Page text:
More wreck woes for Tony Yengeni
Johannesburg - ANC bigwig Tony Yengeni’s troubles with flashy cars and the estate of murdered mining magnate Brett Kebble seem to have no end.
The trustees, who claim that Yengeni owes the Kebble estate R260 000, are reviving their inquiries into his wealth after recent disclosures in City Press about the politician’s illegally acquired company directorships and his fleet of cars worth several million rands.
Now City Press has learned that an insurance company paid out R1.3m after a luxury Maserati GranTurismo belonging to Yengeni was wrecked in a high-speed collision three months ago.
Records indicate that Yengeni smashed into a barrier on the N1 near Cape Town on August 22 after he hit an “enormous puddle of water in the roadway” and lost control of the car.
It is the latest in a string of insurance claims apparently paid out by insurer Santam over the past five years for damage to vehicles owned by Yengeni and his wife, Lumka, an ANC MP.
Yengeni – who is listed as the registered owner of two luxury Maseratis worth an estimated R3.4m – would not be drawn on the matter. “I prefer not to comment,” he said.
His lawyer, Brian Kahn, has also refused to discuss the legal tussle with the trustees of the Kebble estate.
Hans Klopper, one of the joint trustees of the Kebble estate, confirmed this week that their investigations into six payments allegedly made by Kebble to Yengeni between May 2003 and December 2004 were “continuing”, and that the trustees were watching reports about Yengeni’s lavish lifestyle “with some interest”.
City Press has learned that since 2005 Santam has paid out no fewer than nine claims for damage to vehicles owned by the Yengenis, including a Mercedes-Benz, a BMW M5, a BMW X6 and a BMW X5.
Lumka Yengeni is listed as the policy holder. She did not respond to requests for an interview.
In August and September this year the company paid out R19 000 for damage to a Volkswagen Eos, more than R7 000 for a BMW X5, R8 700 for damage to a BMW X6 and R1.3m for the Maserati.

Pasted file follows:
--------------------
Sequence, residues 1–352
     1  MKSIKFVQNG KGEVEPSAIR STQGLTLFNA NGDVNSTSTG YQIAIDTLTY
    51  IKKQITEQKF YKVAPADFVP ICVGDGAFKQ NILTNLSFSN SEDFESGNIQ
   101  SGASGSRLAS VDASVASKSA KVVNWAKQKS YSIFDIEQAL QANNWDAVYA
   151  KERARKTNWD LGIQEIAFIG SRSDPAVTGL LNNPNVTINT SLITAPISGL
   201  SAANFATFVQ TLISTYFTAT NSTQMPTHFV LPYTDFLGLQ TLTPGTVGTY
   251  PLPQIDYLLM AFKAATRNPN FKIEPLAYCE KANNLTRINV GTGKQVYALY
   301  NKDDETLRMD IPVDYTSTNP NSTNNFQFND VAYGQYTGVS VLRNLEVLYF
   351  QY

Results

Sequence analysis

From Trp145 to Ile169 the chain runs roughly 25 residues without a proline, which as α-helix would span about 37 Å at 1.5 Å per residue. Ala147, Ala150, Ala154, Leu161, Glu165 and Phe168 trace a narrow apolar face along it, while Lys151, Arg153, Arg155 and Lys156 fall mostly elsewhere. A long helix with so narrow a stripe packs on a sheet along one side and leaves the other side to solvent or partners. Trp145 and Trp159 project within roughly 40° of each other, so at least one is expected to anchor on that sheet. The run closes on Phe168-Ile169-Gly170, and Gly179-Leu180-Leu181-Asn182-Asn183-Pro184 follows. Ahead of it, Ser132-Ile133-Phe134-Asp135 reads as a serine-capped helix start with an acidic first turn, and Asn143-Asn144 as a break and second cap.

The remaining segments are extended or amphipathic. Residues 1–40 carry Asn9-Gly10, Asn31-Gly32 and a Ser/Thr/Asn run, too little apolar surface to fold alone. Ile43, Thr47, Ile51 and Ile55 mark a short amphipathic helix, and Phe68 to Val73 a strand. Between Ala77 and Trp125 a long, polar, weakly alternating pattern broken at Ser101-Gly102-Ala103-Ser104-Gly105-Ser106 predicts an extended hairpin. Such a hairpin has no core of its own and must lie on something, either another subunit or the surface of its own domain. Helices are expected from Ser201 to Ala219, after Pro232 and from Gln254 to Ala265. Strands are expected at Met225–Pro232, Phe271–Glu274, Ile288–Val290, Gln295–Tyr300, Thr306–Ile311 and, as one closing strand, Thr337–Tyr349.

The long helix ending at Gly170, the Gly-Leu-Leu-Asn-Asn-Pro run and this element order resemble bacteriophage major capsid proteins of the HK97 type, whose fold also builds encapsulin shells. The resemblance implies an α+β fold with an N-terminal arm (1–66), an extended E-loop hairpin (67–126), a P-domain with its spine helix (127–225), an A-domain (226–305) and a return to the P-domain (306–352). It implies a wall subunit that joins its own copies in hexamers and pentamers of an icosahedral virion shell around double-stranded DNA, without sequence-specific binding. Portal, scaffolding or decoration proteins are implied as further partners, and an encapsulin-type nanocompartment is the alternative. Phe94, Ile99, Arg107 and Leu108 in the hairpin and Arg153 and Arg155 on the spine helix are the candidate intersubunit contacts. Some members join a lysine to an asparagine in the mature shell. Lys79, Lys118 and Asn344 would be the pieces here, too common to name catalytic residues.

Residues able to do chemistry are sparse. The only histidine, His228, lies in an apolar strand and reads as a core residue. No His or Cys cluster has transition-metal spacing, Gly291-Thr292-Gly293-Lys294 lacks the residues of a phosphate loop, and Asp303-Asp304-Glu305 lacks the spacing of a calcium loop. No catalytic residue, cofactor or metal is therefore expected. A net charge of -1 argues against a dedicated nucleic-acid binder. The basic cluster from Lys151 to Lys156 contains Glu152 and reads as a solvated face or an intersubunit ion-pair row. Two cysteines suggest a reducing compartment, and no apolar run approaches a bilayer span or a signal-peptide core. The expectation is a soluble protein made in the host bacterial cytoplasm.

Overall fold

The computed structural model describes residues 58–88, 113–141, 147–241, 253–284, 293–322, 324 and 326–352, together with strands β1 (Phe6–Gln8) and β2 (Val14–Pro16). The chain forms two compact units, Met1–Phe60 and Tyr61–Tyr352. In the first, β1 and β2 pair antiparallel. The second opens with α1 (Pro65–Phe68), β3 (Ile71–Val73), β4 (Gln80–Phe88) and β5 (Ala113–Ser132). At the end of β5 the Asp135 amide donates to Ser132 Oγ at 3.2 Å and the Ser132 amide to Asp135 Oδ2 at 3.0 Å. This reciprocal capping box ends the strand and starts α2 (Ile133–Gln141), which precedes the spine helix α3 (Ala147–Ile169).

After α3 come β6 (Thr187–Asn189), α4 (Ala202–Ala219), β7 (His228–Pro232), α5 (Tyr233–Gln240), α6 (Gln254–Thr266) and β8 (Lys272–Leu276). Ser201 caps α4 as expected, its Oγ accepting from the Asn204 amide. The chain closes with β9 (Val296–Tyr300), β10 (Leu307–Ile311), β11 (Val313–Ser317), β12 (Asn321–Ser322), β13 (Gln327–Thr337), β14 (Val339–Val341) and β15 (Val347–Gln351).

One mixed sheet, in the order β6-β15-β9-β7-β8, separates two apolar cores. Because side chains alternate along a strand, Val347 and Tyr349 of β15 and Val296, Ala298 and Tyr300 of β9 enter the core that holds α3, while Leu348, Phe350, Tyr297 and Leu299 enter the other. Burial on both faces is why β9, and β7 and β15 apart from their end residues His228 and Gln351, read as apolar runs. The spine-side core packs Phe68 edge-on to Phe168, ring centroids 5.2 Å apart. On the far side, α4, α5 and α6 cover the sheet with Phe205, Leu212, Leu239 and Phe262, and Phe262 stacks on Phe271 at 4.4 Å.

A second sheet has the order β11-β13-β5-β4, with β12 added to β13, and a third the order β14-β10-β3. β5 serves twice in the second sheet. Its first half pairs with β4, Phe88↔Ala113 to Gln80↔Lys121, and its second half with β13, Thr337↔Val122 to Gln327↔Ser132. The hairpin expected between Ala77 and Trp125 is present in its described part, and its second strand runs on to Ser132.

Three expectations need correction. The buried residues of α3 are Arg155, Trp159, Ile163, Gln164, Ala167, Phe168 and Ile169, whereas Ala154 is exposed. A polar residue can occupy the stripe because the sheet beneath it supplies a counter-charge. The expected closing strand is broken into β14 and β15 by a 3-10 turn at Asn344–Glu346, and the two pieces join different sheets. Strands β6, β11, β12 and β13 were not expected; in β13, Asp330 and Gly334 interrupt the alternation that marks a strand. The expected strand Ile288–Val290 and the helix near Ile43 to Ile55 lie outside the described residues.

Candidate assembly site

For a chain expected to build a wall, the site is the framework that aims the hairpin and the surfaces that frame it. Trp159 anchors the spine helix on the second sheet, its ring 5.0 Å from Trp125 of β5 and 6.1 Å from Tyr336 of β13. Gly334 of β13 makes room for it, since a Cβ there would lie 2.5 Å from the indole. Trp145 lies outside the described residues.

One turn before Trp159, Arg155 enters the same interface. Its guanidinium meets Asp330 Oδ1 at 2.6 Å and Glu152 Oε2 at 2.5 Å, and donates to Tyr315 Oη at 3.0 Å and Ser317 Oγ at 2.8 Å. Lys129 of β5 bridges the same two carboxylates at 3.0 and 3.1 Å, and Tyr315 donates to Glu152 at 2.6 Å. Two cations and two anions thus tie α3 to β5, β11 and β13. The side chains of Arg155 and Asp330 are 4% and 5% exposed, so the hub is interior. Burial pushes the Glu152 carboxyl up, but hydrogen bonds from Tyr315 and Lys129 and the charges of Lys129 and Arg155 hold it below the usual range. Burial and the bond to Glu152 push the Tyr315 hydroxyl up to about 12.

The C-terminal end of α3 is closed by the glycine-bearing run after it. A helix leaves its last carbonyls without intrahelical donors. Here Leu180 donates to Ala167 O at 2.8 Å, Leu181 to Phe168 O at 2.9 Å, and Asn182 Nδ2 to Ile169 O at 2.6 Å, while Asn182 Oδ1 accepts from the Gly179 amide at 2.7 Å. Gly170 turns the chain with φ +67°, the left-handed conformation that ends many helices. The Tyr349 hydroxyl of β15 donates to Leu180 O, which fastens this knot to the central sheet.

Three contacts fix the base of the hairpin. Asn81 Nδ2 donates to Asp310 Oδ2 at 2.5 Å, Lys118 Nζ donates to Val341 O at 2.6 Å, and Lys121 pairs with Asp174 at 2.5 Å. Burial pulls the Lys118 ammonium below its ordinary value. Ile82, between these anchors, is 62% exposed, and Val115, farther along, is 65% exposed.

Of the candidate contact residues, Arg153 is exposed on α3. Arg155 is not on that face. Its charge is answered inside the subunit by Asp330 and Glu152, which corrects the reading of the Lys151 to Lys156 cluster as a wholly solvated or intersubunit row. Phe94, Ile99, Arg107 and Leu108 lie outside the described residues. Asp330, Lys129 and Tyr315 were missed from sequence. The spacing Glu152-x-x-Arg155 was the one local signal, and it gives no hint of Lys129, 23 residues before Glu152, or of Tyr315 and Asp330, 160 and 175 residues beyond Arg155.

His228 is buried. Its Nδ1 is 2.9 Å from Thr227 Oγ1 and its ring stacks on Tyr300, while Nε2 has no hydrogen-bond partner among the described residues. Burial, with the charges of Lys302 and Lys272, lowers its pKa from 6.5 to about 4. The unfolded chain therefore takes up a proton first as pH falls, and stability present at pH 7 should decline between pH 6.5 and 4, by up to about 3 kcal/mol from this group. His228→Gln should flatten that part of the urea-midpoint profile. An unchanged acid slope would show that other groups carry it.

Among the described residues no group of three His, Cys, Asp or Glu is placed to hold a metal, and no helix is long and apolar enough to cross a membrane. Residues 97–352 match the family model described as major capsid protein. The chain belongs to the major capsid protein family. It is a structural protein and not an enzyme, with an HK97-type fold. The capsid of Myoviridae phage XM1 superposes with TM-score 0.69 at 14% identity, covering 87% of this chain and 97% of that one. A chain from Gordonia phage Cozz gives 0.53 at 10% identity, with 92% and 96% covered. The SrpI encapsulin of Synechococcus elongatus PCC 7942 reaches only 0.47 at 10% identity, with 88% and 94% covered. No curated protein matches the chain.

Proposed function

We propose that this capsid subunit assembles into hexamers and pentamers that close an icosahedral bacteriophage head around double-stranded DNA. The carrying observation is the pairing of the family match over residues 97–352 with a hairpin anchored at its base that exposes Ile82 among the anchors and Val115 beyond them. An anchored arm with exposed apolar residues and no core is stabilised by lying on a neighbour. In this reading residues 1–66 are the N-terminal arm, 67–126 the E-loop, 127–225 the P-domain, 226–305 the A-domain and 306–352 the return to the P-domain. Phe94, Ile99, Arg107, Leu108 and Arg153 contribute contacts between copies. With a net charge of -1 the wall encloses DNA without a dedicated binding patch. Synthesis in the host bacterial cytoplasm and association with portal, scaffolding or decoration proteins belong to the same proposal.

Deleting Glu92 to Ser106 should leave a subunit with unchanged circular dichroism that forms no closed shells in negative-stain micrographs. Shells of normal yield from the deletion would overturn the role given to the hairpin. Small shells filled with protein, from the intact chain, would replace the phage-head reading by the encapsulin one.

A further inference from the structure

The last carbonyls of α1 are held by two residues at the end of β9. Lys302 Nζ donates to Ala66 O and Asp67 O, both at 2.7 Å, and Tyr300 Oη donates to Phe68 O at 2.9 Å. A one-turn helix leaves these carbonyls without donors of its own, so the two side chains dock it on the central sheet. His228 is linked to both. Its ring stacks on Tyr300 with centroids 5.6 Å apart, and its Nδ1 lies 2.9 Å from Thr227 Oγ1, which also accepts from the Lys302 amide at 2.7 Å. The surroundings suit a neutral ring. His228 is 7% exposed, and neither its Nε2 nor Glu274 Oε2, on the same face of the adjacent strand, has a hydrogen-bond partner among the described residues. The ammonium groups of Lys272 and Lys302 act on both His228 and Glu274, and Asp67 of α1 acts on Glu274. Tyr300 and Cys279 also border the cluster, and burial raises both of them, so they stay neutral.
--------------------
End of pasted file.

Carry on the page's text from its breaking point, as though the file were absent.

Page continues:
City Press understands that the wrecked Maserati is in Santam’s possession and the company has not finalised its investigation.
A spokesperson for Santam, Daniella Charles, said that “although we would like to be of assistance and answer your questions, we cannot share any policy-holder information as it is confidential in nature”.
David Sampson, the head of transport network information at Cape Town’s department of transport, confirmed the Maserati accident this week and said an accident report showed that Tony Yengeni was the driver.
This is not the first time that a Maserati linked to Yengeni has been in the headlines. In October 2005, Cape Town newspapers reported that a blue Maserati belonging to a “TS Yengeni” had allegedly crashed into a Mercedes-Benz in the city earlier in the year. At the time, Yengeni denied being involved, claiming he had never owned a Maserati.
A week after the incident, ownership of the Maserati was reportedly transferred to Kebble.
In addition to the R260 000 the trustees of the Kebble estate are seeking, Yengeni also allegedly received R840 000 via a shelf company, Tuscan Mood, at Kebble’s instruction, over an 18-month period from July 2003.
Yengeni was convicted of fraud in 2003 for failing to declare a discount on a Mercedes 4x4 he received from an arms dealer. He served only four months of a four-year sentence. Ten months after his release he was arrested for drunk driving, but he was later acquitted.